The Ringed City, the second and final piece of DLC for Dark Souls III, marks the end of an era. From Software president Hidetaka Miyazaki, while not completely ruling out returning to the franchise at some point, has said he believes the series will end after The Ringed City releases. So how is this last foray into the world of the First Flame shaping up?
My time with The Ringed City began on a precipice with a harrowing view of the Dreg Heap, a gigantic melted pile of cities, forts, hamlets and churches from every corner and era of the world. The general aesthetic may be familiar, but the form the environments take is unlike anything I’ve seen in a Souls game. At times it felt like I was traversing an M. C. Escher artwork. Dropping down quite a way into a pile of ash (thankfully negating any fall damage) I’m quickly beset upon by a large number of ghostly skeletons. Yep, it’s more Dark Souls alright.
I was able to play up until the first boss which, depending on your skill level, will probably take around an hour or so. Naturally, the combat remains as engaging and intense as ever, made even more so by some truly claustrophobic arenas. There were several encounters near the start that had upwards of ten creatures coming after me. One room seemed to just endlessly respawn skeleton warriors, so much so that I ended up fleeing. These enemies may be weak, but they have a few surprises up their sleeves, sometimes transforming into giant magic missiles that looked like a demonic, blue Falkor. The first time this happened I nearly had a heart attack. Another new enemy is a rotund warrior in a suit of armour wrapped up in tree roots, with a swirling void where its head should be. While their visual design is impressive, actually fighting them didn’t harbour any surprises. Thankfully, the Dreg Heap is home to another unholy monster, one that killed me more times than I’m comfortable admitting.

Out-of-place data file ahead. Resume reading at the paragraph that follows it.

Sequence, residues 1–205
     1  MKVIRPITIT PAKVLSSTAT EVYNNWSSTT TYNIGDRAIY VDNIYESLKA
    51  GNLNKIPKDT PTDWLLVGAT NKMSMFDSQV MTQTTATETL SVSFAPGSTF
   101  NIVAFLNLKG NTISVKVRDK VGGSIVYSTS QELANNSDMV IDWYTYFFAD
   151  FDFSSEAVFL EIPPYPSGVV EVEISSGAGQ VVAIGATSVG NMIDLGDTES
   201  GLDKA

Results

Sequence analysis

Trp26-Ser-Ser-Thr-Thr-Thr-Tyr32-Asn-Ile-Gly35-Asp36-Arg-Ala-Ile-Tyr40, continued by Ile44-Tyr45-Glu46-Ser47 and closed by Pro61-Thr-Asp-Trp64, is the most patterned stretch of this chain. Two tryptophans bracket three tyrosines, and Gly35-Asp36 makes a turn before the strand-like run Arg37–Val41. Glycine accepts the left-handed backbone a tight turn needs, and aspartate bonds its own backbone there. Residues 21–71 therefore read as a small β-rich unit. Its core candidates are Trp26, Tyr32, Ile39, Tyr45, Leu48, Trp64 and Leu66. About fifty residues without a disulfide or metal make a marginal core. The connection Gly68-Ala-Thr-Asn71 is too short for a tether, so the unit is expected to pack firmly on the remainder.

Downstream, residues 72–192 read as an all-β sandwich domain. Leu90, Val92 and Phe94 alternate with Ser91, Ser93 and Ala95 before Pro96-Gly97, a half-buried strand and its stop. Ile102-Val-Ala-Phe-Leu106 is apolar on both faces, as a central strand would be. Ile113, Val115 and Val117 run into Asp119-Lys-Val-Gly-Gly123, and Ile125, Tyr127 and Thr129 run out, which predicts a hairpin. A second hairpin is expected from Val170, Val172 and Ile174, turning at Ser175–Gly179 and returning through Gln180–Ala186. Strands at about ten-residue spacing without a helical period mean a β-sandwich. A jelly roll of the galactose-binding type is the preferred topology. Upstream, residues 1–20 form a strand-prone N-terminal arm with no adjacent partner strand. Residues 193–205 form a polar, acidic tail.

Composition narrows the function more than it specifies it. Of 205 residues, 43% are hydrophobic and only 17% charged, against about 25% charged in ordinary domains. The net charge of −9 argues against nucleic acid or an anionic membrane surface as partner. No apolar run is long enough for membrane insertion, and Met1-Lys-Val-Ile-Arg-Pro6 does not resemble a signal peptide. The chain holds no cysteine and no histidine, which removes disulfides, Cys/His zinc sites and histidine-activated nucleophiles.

Picture the Xenomorph from Alien, but it’s bone-white and looks like an angel of death. This thing is huge and floats in the distance, screeching as it shoots bolts of energy from its wings. You’re forced to run, cover to cover, trying to get away from its constant barrage. Several times I reached shelter only to be ambushed by something lying in wait. This place definitely keeps you on your toes and you never feel truly safe. To kill this winged horror you have to destroy its corporeal form, which are these twisted fleshy statues that die quickly but are tricky to find. After making my way through a poisonous swamp, with another death-angel bombarding me the whole way, I made it to the first boss: The Crimson Bat. Click here to check out one of my attempts to kill the thing.
It was a short session, and it’s hard to say how long the full DLC will end up being. I didn’t actually reach The Ringed City itself, which hopefully means there’s plenty more yet to uncover. The frosty environments in Ashes of Ariandel were rather drab and the Dreg Heap seems to continue that trend, but there are some screenshots of more lush areas to explore. The Ringed City is more Dark Souls which can only ever be a good thing, but I haven’t quite seen enough to say whether this final chapter will be a fitting end for the Unkindled Ones. Here’s hoping From Software pulls out all the stops and gives Dark Souls a farewell to remember.